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Highlights of the 2010 National Youth Gang Survey

NCJ Number
237542
Date Published
Author(s)
Arlen Egley, Jr., and James C. Howell
Agencies
OJJDP
Publication Series
Publication Type
Fact Sheet
Annotation
This fact sheet presents highlights of the 2010 National Youth Gang Survey (NYGS), which annually collects data on the size and scope of the Nation’s gang problem from all police departments in cities with more than 50,000 residents and all suburban county police and sheriff’s departments, as well as a random sample of police departments in cities with populations between 2,500 and 50,000, along with rural county sheriff’s departments.
Abstract
The survey found that the prevalence rate of gang activity remained relatively stable from 2005 to 2010, in contrast to the decline in overall crime over the past decade. In 2010, gang activity and serious gang crime remained concentrated in the most populated jurisdictions. Nationally, gang-related homicides increased more than 10 percent from 2009 to 2010 in large cities. A large proportion of respondents reported the presence of gang-member migrants from other jurisdictions; however, contrary to findings from other, less extensive studies, NYGS respondents reported that gang members were less likely to migrate to smaller areas, rarely accounted for a sizeable proportion of the overall gang problem, and had most likely migrated to the area for social, not illegitimate, reasons. Less than 2 in 10 respondents reported having substantiated evidence of organizational connections between gangs in their jurisdiction and gangs outside the United States. Fewer agencies reported joint criminal activities such as drug trafficking, weapon smuggling, and extortion. 1 figure, 1 table, and 9 references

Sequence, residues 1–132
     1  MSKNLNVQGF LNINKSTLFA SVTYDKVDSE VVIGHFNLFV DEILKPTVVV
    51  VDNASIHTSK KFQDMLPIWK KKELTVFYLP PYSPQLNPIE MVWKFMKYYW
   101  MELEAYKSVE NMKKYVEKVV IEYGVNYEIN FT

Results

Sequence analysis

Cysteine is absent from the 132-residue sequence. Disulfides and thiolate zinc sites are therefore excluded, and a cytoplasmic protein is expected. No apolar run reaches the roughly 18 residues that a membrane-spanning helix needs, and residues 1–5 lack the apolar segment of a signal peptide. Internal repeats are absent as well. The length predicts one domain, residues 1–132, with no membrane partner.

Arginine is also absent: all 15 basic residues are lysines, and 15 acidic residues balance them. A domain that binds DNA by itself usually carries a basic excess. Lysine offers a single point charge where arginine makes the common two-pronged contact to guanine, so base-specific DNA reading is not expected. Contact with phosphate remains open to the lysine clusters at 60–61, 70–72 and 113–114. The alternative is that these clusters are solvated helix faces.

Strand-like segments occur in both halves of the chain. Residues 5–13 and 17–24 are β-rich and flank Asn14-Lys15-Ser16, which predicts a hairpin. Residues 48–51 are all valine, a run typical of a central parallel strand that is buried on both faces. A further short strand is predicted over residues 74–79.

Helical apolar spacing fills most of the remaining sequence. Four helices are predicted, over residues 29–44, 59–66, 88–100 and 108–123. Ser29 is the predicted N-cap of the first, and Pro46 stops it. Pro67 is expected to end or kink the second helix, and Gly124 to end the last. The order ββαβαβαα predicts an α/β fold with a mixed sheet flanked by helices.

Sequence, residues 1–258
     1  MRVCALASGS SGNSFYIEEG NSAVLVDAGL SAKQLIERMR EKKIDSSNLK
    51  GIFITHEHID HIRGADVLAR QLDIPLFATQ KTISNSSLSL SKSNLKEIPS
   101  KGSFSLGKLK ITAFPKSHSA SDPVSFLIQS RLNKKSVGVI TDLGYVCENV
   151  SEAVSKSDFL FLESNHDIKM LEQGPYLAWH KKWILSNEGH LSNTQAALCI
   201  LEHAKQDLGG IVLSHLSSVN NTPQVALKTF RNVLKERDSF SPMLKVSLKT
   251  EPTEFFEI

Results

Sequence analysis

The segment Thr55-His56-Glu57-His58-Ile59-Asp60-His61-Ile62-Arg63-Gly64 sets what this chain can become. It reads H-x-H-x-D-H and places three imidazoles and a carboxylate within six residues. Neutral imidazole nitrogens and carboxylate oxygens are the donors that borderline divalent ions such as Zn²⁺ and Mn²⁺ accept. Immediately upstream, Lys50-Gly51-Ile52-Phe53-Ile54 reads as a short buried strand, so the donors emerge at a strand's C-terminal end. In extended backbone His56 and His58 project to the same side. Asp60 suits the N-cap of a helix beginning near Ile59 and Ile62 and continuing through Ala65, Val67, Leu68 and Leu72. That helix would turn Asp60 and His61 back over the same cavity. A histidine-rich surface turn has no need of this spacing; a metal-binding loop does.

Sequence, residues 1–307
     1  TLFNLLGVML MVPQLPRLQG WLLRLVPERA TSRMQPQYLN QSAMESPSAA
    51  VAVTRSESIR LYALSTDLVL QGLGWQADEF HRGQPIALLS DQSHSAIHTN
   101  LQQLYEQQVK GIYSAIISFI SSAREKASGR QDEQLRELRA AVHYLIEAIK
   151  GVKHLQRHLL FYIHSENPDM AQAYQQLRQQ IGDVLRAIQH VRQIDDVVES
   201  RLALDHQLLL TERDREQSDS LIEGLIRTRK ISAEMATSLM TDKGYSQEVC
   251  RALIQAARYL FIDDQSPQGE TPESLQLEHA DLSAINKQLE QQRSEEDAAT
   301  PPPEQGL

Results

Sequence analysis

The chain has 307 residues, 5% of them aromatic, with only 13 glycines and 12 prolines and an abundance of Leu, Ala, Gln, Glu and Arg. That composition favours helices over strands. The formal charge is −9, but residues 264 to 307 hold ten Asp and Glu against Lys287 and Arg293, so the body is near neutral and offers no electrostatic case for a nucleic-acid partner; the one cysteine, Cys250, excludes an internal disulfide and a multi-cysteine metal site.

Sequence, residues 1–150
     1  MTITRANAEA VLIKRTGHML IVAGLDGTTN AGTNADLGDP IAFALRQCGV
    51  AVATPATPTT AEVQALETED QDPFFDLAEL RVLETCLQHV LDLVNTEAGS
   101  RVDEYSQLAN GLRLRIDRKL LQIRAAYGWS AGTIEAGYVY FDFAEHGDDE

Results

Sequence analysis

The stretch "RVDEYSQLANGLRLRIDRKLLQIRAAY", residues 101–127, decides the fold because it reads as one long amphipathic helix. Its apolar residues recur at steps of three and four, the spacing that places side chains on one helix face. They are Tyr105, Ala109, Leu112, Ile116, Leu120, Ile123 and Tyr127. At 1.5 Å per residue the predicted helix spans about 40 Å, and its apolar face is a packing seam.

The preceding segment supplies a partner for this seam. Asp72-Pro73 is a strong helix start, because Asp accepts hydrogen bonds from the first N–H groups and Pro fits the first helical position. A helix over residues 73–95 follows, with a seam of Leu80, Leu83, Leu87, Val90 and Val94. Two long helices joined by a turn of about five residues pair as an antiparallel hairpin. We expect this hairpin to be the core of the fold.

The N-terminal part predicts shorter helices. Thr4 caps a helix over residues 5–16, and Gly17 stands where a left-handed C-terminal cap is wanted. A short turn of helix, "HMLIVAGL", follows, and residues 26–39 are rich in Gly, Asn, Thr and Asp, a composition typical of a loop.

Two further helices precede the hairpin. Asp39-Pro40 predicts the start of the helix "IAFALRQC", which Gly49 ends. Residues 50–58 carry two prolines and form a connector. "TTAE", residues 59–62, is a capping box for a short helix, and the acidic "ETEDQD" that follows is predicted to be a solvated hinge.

Date Created: October 6, 2019